[messaging] distributed social graph, was: collaborative random number generation
carlo von lynX
lynX at i.know.you.are.psyced.org
Sat Dec 12 22:40:57 PST 2015
On Sat, Dec 12, 2015 at 09:26:37PM -0500, Karl wrote:
> This last message gave the impression that GNS is unnecessary. The
> only other distributed solution to sharing identities I'm aware of is
> blockchains like namecoin. Are there others?
Yes, distributed pubsub multicasting. I mentioned psycstore as an
example implementation of this concept.
> On 12/12/15, Trevor Perrin <trevp at trevp.net> wrote:
> > OK, so we're agreed GNS leaks social graph information to anyone who
> > knows your public key and can guess a bunch of "petnames".
> Knowing the public key authorizes you to know its associated social
> graph. That's not a leak.
Yes, what we need is maintenance of a plethora of public keys and
> > Selectively sharing this information is a good goal. But there's
> > nothing technically hard about it (at its simplest, Alice could just
> > send Bob an encrypted message with a list of usernames and public keys
> > - no DHTs or "query privacy" protocols needed).
> > The hard part is the UI. So it's not clear what GNS offers here.
Maintaining thousands of snippets of social graph is a real challenge.
GNS offers a reasonable means to do so in a sybil-attack-resistant DHT.
psycstore offers to distribute changes to the social graph to all
interested parties and have them stored close to the application.
Not having any strategy for this quickly turns something "not technically
hard" into a hard problem - if you care to support Facebook-like usage
> It sounds like GNS allow this to happen without requiring Alice or a
> central server to be online or communicate with Bob in any way, if Bob
> enters Alice's social circle and wants to learn the contacts she
> shares with that circle.
While GNS *is* the database for this information at any time, psycstore
keeps just the deltas in a distributed store-and-forward backend - which
happens to also be what it needs for asynchronous message storage. Both
approaches have their strengths.
> > You can do that with global names too, of course. Global names are
> > better because you know that Jill, Peter, Paul, and Mary are claiming
> > the same Jack, because it's the same name. The idea that everyone can
> > have their own Jack seems confusing, rather than helpful.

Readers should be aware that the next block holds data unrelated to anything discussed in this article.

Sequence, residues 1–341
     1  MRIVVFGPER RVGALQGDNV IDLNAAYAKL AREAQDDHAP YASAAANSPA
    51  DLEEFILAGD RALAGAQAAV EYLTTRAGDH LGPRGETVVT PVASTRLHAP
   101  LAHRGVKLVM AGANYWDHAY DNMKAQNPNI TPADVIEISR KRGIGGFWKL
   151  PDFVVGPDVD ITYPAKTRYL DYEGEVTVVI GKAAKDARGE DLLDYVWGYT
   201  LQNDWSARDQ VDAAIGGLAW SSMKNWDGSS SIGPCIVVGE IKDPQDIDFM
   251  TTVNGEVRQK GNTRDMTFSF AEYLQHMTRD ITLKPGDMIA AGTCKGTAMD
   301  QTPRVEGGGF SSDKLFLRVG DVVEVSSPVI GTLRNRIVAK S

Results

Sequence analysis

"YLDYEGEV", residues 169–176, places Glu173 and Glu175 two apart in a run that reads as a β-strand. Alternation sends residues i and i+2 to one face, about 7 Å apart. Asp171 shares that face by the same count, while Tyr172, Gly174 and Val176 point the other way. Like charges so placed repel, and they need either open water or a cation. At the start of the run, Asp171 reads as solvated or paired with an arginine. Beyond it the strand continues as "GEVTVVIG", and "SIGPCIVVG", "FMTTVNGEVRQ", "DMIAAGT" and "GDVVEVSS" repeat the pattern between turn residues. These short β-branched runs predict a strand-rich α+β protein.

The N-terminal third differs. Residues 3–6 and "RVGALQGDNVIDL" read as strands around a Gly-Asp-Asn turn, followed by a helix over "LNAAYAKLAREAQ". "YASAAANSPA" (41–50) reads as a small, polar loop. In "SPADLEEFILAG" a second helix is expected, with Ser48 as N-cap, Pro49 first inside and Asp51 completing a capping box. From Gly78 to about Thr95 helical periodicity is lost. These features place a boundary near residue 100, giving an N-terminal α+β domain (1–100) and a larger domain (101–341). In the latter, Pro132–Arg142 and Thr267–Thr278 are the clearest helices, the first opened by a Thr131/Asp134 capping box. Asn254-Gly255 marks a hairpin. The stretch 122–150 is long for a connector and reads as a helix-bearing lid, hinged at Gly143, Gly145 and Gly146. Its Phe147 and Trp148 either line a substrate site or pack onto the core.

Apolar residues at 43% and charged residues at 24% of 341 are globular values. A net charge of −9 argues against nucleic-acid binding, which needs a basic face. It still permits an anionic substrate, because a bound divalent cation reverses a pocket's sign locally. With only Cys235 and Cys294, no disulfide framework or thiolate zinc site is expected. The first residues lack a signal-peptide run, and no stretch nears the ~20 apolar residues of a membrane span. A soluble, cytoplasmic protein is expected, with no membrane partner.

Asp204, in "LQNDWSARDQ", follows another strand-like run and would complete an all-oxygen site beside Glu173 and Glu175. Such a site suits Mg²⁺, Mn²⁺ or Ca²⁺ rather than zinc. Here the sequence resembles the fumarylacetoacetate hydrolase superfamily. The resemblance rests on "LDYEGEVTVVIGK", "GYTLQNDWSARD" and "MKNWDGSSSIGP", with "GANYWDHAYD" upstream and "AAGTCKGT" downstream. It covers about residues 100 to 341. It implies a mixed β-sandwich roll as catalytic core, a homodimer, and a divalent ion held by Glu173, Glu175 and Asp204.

> I guess it seems like the public key is the global name. The
> advantage of obvious petnames is that no introduction to the value
> "Jack.Smith.1942.Boston" or "rocksmasher9" is necessary; people can
> find each other using what they already know.
And in fact they don't care for petnames. If the pubkey is the global
identifier, the UI can just display the display name provided by the
user and even tolerate users with the same name in the same way that
Facebook does. Nicknames are irrelevant on Facebook, they just allow
techie people to deeplink their profile.
> I imagine global names are much harder when there is no centralized
> server to reserve them. (Namecoin and Qora though)
Yes. It's a hard problem that actually does not need to be solved.
If your entire social graph agrees which public key belongs to coca
cola, why ask an external authority?
> >>> The Tor HSdir mechanism is solving a different problem - it makes it
> >>> hard to become a DHT node that will store certain entries.
> >> Something GNS already provides, AFAIU.
> > I don't think so, which is why Jeff started the previous thread.
Jeff is still getting started to know GNUnet. Safety against all sorts
of sybil attack methods was the founding concern of GNUnet and it has
the most advanced strategies to deal with those. I doubt very much
that GNS allows you to take a target's DHT place.
> I suppose it's mitigated by only being able to predict the storage
> nodes of entries you have access to.
Possibly, but that would mean that folks like coca cola have a problem
protecting against DoS. I doubt Christian hasn't considered such a
scenario. Maybe it's time to wake the giant and have him have his say
on the topic.
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